Given the prevalence of tooth decay, there’s a good chance that you’re familiar with a dental filling. In fact, if you’re among the 90% of adults who’ve been affected by decay in one or more permanent teeth, you’ve probably had a dental filling placed at some point.
Typically, a tooth-colored dental filling can treat your cavity and preserve the health of your tooth, all while blending in with your tooth’s appearance for a more discrete restoration.
How Cavities Grow
Though effective, a dental filling can only successfully treat a cavity if it’s caught at the right moment. As a progressive disease, tooth decay (which causes the holes to form in your teeth) grows increasingly worse, consuming more of your tooth’s structure as time goes by. It begins when acid produced by oral bacteria weaken your tooth’s protective layer of enamel, allowing bacteria access to your tooth’s main structure (called dentin).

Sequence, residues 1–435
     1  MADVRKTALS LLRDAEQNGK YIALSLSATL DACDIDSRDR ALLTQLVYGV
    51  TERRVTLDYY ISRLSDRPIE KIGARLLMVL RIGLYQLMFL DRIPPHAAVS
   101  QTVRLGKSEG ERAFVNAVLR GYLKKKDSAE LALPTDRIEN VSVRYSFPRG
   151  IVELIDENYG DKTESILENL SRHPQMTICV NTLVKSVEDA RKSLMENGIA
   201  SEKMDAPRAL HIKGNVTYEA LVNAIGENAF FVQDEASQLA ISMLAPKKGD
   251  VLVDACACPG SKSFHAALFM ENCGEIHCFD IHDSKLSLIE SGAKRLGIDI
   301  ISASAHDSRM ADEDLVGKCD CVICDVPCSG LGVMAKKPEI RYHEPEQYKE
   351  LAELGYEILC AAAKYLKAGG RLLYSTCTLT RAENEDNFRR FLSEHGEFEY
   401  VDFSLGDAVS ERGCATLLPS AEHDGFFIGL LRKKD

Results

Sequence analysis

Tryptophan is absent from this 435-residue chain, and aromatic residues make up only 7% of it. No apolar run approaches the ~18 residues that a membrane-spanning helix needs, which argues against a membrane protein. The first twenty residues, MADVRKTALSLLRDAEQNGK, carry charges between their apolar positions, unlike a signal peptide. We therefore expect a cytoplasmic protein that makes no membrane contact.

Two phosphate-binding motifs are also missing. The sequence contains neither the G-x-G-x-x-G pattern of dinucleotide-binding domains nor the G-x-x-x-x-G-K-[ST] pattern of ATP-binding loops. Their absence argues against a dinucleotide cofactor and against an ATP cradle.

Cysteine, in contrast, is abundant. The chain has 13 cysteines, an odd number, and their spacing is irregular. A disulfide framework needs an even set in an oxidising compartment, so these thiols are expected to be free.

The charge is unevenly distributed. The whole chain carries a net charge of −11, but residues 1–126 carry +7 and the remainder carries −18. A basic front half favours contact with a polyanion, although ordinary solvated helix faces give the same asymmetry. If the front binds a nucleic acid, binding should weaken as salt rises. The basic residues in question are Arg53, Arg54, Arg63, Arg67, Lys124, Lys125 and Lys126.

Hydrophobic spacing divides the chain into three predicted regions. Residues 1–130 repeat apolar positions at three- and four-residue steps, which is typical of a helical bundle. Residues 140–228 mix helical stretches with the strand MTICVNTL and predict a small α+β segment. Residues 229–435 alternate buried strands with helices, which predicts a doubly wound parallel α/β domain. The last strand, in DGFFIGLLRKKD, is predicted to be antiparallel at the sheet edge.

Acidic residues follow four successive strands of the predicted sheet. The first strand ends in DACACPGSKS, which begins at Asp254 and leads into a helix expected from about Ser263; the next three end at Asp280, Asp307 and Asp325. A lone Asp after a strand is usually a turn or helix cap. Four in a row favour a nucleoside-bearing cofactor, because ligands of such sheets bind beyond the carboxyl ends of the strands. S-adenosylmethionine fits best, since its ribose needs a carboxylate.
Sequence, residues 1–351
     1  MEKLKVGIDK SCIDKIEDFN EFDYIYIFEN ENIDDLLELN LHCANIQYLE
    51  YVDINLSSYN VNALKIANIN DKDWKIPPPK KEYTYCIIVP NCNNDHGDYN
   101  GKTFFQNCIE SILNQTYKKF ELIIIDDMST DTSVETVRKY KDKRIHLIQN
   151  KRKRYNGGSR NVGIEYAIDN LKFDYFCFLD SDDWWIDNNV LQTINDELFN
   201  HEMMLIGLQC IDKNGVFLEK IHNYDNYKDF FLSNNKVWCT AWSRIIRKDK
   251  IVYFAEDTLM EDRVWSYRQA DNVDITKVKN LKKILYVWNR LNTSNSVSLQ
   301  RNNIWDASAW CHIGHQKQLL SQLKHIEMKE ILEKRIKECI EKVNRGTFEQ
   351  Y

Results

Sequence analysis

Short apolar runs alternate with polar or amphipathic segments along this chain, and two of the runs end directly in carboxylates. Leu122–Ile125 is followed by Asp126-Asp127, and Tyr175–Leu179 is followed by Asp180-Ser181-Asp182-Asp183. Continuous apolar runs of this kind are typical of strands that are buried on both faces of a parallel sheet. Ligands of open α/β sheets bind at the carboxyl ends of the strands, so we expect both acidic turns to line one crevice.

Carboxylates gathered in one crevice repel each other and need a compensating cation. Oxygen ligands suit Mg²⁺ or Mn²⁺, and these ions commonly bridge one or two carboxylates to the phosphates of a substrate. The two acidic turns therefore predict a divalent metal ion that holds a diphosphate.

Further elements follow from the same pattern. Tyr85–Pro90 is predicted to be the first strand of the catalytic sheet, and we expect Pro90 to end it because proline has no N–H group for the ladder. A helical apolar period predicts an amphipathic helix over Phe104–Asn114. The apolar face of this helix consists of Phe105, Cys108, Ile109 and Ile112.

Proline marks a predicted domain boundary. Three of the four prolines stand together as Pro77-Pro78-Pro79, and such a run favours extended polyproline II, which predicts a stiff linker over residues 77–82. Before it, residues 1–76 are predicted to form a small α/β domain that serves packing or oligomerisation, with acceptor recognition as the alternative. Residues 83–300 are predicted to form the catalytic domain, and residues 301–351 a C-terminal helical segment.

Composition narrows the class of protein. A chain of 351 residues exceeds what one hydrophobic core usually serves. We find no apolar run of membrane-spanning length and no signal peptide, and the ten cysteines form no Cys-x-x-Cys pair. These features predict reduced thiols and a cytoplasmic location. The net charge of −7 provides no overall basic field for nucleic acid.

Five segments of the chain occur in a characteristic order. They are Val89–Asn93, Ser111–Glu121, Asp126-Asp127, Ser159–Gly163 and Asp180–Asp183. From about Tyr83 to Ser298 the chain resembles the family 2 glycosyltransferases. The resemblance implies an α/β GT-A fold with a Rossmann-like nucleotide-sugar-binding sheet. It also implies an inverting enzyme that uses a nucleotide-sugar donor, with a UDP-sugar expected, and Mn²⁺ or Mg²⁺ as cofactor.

Enamel erosion can usually be reversed when detected and treated early, but when allowed to advance, it can quickly result in tooth decay. As the main part of your tooth, dentin contains small tubules that send sensory information to your tooth’s nerves and blood vessels. When dentin is infected by decay, it can cause varying degrees of tooth discomfort, and if left untreated, threaten your entire tooth.
Remove Decay; Reinforce the Tooth
Many people visit the dentist when their teeth begin to ache, and often find that decay has settled into one or more of their teeth. When the infection permeates your dentin, your dentist will have to remove the infected tooth tissue to stop the progression of decay, then replace the removed tooth structure with a manmade dental filling.
Crafted from innovative composite resin, tooth-colored dental fillings are tinted to match your natural tooth’s color, blending in with your smile to create a restoration that doesn’t diminish your smile’s attractiveness.